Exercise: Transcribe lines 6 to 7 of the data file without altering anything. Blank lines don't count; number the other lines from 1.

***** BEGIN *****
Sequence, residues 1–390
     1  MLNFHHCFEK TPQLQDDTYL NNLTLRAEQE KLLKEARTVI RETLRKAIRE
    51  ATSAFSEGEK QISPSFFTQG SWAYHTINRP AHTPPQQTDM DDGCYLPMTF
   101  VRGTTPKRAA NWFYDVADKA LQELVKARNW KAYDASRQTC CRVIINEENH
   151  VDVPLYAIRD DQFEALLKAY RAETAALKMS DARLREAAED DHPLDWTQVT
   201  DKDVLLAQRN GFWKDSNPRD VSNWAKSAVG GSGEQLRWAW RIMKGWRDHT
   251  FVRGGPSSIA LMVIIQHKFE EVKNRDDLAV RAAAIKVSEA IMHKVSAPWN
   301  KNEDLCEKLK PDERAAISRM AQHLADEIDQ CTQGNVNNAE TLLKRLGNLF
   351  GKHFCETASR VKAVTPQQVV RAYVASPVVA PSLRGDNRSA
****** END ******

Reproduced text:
   201  DKDVLLAQRN GFWKDSNPRD VSNWAKSAVG GSGEQLRWAW RIMKGWRDHT
   251  FVRGGPSSIA LMVIIQHKFE EVKNRDDLAV RAAAIKVSEA IMHKVSAPWN